While many travelers to Italy make the mistake of only visiting Bologna for a day, typically as a stop from Florence to Venice, this city is definitely worth a longer stay for food lovers.
Bologna has an amazing restaurant scene where visitors can try traditional Bolognese food such as tagliatelle al ragu (flat pasta with a meat sauce that is widely seen as the inspiration for spaghetti bolognese), lasagne verdi (green lasagne made with spinach pasta) and mortadella (cured salume). You can try all these dishes at Va Mo La which is a cozy restaurant that also doubles as a library!
5. Lille, France – Jo from Over The Edge Of The Wild
Closer to Brussels than to Paris, the city of Lille is often overlooked by tourists who pass through the north of France, visiting Normandy, Calais, and Dunkirk before heading through to the Belgian capital. Those who hurry on in search of chocolate and waffles do their taste buds a disservice by failing to bid farewell to French fare, however, a stop in Lille would serve both purposes. With dozens of cafes and restaurants settled among the beautiful architecture of the Old Town, there is something to suit all tastes, but it’s really the juxtaposition of French favorites and Belgian specialties that make the city special.
Walking around, you’ll find vendors of crepes, smoutebollen (Flemish donuts), and waffles facing out onto the street fronts, and all of these can be acquired covered in delicious local chocolate. Of late, when it comes to le chocolat, there are various chocolatiers around the city including Maison Benoit, Au Chat Bleu, and Guillame Vincent, which are in stiff competition for the best variety and quality of cocoa delicacies on offer. You’d better visit them all to decide for yourself. See more here.
6. Rome, Italy – Allison from Eternal Arrival
If you’re a foodie and you don’t have Rome on your itinerary — move it right up on your eating bucket list! Italian food is one of the best cuisines in the world and Roman cuisine, in particular, is quite delicious.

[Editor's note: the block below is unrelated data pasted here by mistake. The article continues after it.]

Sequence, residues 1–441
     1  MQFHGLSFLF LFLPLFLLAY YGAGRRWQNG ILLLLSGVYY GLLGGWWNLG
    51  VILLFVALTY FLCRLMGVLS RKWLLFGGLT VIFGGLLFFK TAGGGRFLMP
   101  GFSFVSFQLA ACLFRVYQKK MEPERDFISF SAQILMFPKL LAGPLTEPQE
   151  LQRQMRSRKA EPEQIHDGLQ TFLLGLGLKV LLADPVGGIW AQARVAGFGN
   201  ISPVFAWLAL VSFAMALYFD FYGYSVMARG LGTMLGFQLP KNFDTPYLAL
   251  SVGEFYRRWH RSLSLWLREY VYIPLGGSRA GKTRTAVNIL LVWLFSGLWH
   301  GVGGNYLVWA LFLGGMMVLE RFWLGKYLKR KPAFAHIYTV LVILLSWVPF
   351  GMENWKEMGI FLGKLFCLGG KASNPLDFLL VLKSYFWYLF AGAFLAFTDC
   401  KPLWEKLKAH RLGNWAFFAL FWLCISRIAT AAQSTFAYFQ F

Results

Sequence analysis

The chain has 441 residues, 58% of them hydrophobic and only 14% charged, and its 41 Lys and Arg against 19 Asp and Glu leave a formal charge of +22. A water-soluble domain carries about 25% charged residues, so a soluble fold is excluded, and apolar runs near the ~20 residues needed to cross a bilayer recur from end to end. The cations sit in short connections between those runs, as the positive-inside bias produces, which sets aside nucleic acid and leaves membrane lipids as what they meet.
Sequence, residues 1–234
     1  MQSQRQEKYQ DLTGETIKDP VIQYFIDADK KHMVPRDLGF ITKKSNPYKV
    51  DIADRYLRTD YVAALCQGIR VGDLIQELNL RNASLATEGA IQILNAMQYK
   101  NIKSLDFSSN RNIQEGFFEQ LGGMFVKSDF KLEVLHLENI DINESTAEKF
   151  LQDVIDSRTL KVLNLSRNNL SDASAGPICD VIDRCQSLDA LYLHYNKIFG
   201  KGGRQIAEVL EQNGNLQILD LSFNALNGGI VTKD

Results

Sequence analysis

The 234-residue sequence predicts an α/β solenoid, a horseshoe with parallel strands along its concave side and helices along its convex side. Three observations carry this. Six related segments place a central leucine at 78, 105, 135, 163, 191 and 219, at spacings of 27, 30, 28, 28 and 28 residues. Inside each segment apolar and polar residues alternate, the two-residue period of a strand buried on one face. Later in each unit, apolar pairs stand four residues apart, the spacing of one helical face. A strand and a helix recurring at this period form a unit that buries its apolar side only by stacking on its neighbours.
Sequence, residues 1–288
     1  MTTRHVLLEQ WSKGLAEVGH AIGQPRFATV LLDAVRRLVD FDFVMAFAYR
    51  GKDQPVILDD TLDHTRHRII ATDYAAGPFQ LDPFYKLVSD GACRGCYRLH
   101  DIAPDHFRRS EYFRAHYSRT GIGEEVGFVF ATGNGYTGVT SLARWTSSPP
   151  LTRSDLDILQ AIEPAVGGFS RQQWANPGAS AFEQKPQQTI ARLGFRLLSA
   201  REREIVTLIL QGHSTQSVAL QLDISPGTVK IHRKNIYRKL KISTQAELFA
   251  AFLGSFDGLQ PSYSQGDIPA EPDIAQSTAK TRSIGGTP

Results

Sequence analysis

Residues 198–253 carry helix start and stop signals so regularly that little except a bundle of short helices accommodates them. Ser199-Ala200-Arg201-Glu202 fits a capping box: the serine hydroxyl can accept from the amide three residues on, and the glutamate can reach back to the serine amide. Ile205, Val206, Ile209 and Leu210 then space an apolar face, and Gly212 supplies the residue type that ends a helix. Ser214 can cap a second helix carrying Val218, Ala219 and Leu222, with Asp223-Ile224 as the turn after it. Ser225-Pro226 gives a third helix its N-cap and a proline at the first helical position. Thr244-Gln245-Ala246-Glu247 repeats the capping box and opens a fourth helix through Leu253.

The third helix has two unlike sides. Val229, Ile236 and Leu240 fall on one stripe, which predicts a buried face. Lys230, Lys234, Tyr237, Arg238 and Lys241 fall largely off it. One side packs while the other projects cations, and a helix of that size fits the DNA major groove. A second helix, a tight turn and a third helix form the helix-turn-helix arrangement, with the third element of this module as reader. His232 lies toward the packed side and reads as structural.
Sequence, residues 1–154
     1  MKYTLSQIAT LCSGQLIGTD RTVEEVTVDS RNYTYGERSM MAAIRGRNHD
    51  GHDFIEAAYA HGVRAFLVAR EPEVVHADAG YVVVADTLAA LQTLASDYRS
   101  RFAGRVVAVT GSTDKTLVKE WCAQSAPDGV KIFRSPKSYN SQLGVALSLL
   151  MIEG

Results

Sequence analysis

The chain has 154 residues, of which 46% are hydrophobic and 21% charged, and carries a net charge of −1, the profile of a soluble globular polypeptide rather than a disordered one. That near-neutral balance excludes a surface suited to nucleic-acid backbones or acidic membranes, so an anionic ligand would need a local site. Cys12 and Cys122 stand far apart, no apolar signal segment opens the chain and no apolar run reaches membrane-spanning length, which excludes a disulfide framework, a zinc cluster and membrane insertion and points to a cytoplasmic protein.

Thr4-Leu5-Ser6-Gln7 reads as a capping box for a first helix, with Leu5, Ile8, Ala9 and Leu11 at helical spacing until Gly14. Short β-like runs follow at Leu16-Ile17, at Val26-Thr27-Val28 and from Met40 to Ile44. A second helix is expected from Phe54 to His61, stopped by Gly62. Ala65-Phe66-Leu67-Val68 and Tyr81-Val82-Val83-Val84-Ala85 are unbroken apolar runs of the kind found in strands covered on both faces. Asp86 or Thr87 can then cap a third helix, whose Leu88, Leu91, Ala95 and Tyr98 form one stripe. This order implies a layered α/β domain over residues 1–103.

The pasta in Rome is a popular food in Europe, rich and delicious with simple ingredients that nonetheless taste fantastic. My favorite Roman pasta is spaghetti alla carbonara, which is made with raw egg, pecorino cheese, pepper, and guanciale, a kind of cured ham used in many Roman kinds of pasta — and never cream, unlike carbonara pasta in the rest of the world.
Other delicious traditional Roman pasta includes pasta alla amatriciana and cacio e pepe. While Rome is famous for its pasta, its pizza should not be overlooked. After all, Rome is only a few hours away from the birthplace of pizza, Naples. The simpler the pizza, the better: my favorite is made with prosciutto and fresh arugula on top. Finally, don’t miss tasting Rome’s unique Jewish-Italian cuisine, especially the Jewish fried artichokes when they are in season!
7. Malaga, Spain – Sarah from A Social Nomad
The food scene in Malaga is simply awesome, made even better by the fact that it’s primarily focused around the traditional concepts of food in the region. It’s not an expensive city to be a foodie in as decent portions of tapas can be had for 2-3 euros (and they’re enough to share) and there are enough regional specialties to have you eating something different for your entire trip.
The start of any good food city has got to be the market – and Malaga doesn’t disappoint. Free samples of olives, hams, garlic, fruits, and the local almonds will have you hungry for more. You will, of course, have breakfasted on good coffee at Café Central with specialties like the pitufo (it translates as Smurf, but for the vegetarians amongst us is a fresh small baguette with butter and tomato).